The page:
The Ike Carter Music Heritage Project
A good friend once said they believed one of my most important purposes as a writer was to tell the stories of people who, through their dedication to rendering valuable creative service, have helped enrich the lives of others with important community cultural activities. My friend’s words provided strong motivation in January 2022. That was when I began video-recording weekly interviews with retired Savannah State University radio station programmer, and former Coastal Jazz Association president, Theron “Ike” Carter.
A lifetime of 80-plus years (to date) has allowed Mr. Carter to go beyond indulging his passion for the music of great artists like Louis Armstrong, Ella Fitzgerald, Duke Ellington, Miles Davis, Sarah Vaughan, Sonny Rollins, and Nina Simone. He has fine-tuned and shared his informed understanding of their timeless significance through platforms ranging from Baltimore’s Left Bank Jazz Society to original radio programming heard by audiences across the globe, and, at live events in schools and public parks in Savannah, Georgia.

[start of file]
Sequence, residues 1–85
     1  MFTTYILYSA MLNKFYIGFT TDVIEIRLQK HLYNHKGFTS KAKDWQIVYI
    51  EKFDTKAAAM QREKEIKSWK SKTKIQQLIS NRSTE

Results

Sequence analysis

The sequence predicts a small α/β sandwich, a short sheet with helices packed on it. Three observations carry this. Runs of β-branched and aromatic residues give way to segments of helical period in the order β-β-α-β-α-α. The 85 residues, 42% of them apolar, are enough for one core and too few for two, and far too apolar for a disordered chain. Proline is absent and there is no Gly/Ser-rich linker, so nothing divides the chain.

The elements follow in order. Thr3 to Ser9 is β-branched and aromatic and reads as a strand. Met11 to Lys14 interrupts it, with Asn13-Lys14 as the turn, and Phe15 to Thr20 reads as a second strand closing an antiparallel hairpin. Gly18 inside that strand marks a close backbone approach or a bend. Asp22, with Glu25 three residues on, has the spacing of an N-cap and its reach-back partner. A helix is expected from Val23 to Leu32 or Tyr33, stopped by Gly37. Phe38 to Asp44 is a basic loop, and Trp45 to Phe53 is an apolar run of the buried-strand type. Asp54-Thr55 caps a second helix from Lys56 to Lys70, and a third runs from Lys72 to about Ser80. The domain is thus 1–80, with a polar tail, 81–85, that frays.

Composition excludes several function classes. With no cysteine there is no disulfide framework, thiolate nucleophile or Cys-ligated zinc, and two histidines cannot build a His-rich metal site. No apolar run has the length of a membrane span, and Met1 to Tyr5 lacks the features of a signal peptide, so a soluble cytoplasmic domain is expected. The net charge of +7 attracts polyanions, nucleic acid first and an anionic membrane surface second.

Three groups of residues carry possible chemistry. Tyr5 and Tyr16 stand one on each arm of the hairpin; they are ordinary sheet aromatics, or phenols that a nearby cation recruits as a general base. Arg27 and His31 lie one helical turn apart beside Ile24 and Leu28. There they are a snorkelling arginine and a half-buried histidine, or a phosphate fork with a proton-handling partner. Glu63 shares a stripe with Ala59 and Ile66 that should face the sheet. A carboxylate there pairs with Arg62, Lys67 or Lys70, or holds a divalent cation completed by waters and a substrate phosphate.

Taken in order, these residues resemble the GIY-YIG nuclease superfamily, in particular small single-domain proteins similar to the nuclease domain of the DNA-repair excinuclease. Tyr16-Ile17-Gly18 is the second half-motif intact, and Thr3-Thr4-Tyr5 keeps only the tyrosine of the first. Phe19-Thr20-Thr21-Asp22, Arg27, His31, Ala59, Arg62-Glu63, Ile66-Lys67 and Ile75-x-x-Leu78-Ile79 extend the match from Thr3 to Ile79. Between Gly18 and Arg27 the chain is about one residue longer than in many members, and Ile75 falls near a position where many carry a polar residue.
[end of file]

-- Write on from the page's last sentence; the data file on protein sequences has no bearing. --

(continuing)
Music and Education
As manager of SSU’s WHCJ radio station, Carter made it his mission to educate listeners about, and entertain them with, the history of Jazz (or “African-American classical music” as he prefers), Gospel, and the Blues. Along the way, he has noted music’s evolving expressions, incorporated programs on Latinx traditions, and highlighted overlooked achievements of women .
He also mentored many others to carry on after his official retirement in 2015. Such has been the breadth and impact of his reach that upon meeting him for the first time, people who have never before seen him immediately recognize the distinct gentle gruffness of his voice.